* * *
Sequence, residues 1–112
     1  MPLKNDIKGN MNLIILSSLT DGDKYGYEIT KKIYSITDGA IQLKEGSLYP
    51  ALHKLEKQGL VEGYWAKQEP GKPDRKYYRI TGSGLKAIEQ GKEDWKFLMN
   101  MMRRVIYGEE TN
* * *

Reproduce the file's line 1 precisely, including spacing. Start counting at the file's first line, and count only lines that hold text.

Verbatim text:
Sequence, residues 1–112